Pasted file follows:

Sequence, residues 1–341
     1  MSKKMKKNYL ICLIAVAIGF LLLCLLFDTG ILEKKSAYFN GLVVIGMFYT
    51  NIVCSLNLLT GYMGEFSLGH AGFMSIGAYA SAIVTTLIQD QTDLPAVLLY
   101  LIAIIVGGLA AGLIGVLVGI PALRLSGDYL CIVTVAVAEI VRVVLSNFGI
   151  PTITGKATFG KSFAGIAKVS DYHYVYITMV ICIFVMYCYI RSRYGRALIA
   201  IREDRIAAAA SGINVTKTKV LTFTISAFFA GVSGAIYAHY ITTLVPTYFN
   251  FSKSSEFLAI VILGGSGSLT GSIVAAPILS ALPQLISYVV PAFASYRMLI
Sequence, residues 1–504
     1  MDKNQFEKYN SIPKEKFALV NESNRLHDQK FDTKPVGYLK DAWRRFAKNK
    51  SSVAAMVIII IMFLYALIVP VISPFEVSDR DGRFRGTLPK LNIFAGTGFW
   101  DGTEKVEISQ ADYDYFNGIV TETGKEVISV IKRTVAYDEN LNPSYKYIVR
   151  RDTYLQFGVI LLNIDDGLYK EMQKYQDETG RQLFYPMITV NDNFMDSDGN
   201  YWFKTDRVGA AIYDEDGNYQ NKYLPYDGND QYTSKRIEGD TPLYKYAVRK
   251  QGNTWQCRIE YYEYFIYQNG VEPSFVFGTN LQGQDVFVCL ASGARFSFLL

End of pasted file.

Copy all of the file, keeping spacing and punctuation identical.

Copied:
Sequence, residues 1–341
     1  MSKKMKKNYL ICLIAVAIGF LLLCLLFDTG ILEKKSAYFN GLVVIGMFYT
    51  NIVCSLNLLT GYMGEFSLGH AGFMSIGAYA SAIVTTLIQD QTDLPAVLLY
   101  LIAIIVGGLA AGLIGVLVGI PALRLSGDYL CIVTVAVAEI VRVVLSNFGI
   151  PTITGKATFG KSFAGIAKVS DYHYVYITMV ICIFVMYCYI RSRYGRALIA
   201  IREDRIAAAA SGINVTKTKV LTFTISAFFA GVSGAIYAHY ITTLVPTYFN
   251  FSKSSEFLAI VILGGSGSLT GSIVAAPILS ALPQLISYVV PAFASYRMLI
Sequence, residues 1–504
     1  MDKNQFEKYN SIPKEKFALV NESNRLHDQK FDTKPVGYLK DAWRRFAKNK
    51  SSVAAMVIII IMFLYALIVP VISPFEVSDR DGRFRGTLPK LNIFAGTGFW
   101  DGTEKVEISQ ADYDYFNGIV TETGKEVISV IKRTVAYDEN LNPSYKYIVR
   151  RDTYLQFGVI LLNIDDGLYK EMQKYQDETG RQLFYPMITV NDNFMDSDGN
   201  YWFKTDRVGA AIYDEDGNYQ NKYLPYDGND QYTSKRIEGD TPLYKYAVRK
   251  QGNTWQCRIE YYEYFIYQNG VEPSFVFGTN LQGQDVFVCL ASGARFSFLL